The findings in these reports centre on the violence done to people who do not conform to social expectations of gender identity and expression and the need to adopt solutions to protect gender minorities. It also notes the gradual progress being made, and underscores the need for this to continue to ensure the safety and security of a diverse range of gender identities and expressions.

Equal Rights Coalition

The Equal Rights Coalition (ERC) was founded in 2016, with leadership from Uruguay and the Netherlands, and is now comprised of 40 member states, including Canada. As of June 2017, the ERC is co-chaired by Canada and Chile; the term for which will end June 2019.

Among its founding principles, the ERC seeks to advance human rights and promote inclusion "for, all persons, regardless of sexual orientation, gender identity or expression, and sex characteristics."

Recognition within Canada

Canadian Human Rights Act and the Criminal Code

In 2017, an amendment to the Canadian Human Rights Act was passed that added "gender identity and gender expression" as categories explicitly protected from discrimination.

A number of reactionary claims have been made about what this could mean, but these are clearly and effectively debunked by Brenda Cossman in an article for the University of Toronto Law Journal. As Cossman states, these protections do not constitute a new offence. In regards to hate crimes she explains that "the commission of an existing offence in the Criminal Code, such as murder, assault, or sexual assault, could be given a harsher sentence if it was motivated by hatred."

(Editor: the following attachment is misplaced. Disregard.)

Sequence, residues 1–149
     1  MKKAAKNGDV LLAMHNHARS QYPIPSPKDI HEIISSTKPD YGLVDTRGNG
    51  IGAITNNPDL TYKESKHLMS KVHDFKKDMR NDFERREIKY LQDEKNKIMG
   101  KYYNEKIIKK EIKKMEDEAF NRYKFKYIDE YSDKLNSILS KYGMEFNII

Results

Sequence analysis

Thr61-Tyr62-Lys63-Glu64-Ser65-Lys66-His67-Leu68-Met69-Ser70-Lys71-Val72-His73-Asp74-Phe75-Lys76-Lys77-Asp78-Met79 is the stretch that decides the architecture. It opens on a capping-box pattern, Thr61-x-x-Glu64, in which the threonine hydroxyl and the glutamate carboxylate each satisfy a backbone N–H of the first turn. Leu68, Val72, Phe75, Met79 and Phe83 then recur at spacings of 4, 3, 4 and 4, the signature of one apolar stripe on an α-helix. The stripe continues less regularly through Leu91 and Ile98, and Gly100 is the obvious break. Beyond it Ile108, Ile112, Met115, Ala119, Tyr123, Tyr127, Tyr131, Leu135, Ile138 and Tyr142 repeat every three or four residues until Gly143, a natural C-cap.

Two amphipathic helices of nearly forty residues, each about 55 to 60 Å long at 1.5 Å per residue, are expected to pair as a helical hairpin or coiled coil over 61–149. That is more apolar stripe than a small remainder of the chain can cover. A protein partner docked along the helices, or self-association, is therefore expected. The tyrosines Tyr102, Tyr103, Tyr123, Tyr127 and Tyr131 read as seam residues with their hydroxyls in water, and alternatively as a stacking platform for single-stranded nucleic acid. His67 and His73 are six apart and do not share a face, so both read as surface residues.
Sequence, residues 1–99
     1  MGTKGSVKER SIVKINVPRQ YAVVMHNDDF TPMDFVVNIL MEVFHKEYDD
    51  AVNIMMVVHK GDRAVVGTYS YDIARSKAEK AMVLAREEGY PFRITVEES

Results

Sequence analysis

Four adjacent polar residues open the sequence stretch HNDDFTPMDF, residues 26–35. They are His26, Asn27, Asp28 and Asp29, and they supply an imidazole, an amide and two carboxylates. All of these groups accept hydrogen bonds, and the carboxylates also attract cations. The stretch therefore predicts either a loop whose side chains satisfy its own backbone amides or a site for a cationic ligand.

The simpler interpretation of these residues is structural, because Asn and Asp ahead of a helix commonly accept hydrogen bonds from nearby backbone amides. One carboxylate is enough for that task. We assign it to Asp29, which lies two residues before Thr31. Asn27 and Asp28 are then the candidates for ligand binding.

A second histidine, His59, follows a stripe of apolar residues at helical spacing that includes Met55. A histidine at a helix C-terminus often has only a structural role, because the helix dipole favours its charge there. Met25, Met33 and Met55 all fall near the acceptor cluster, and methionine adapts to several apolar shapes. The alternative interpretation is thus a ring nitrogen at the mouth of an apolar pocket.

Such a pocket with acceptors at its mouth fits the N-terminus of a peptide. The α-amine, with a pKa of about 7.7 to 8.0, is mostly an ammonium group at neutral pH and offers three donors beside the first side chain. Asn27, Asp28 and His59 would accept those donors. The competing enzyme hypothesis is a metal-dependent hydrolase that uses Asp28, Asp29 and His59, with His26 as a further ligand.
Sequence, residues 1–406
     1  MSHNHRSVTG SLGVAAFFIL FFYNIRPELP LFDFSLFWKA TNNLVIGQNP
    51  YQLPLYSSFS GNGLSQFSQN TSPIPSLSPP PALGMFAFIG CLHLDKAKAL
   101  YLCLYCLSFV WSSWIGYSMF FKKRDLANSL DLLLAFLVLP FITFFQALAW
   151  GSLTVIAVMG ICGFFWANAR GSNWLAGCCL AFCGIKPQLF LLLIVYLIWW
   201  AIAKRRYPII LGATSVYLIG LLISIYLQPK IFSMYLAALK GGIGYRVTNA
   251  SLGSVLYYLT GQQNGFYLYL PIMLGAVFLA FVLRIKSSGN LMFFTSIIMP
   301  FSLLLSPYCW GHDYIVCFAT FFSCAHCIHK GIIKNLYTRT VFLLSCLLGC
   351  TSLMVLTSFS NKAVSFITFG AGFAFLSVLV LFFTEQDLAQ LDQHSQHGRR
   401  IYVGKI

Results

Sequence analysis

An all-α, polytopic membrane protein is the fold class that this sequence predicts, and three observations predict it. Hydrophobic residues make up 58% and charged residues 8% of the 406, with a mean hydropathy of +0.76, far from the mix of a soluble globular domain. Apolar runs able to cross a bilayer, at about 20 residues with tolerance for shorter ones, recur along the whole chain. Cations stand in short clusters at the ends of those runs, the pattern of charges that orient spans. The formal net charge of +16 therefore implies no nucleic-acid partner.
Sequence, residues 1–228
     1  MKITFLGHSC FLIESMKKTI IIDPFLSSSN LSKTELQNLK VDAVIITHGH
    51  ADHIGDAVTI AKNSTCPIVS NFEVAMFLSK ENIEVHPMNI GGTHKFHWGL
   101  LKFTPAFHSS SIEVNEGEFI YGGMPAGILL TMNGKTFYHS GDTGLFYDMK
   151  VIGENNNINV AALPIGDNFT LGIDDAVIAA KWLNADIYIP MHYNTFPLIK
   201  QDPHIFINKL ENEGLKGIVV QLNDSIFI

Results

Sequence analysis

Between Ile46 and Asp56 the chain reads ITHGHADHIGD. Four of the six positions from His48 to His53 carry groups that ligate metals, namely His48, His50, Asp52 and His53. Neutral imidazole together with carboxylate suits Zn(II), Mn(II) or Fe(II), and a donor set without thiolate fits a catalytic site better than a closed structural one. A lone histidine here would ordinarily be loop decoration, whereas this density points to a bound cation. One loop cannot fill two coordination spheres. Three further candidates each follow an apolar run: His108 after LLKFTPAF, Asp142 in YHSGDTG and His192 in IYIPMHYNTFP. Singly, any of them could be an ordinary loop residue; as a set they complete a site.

Other notable moments

On 28 November 2017, Prime Minister Justin Trudeau apologized for the Government of "Canada’s role in the systemic oppression, criminalization, and violence against the lesbian, gay, bisexual, transgender, queer, and two-spirit communities" in the House of Commons.

Trudeau recognized injustices done to specific communities and named acts of persecution undertaken by the federal government. Trudeau's wide-reaching and long overdue apology was welcomed by many communities, including those who advocated for this apology.

Recognition within Canada's provinces and territories


In 1998, Ottawa-based trans woman Michelle Renee prepared a "Charter of Transgendered Rights and Freedoms," which was later retitled the "Charter of Transgender Rights and Freedoms," and this, along with the formation of the Canadian Task Force for Transgender Law Reform, began to gain traction. This document was not published, but it is referenced in a 1999 government paper by the Ontario Human Rights Commission (OHRC) titled "Toward a Commission Policy on Gender Identity."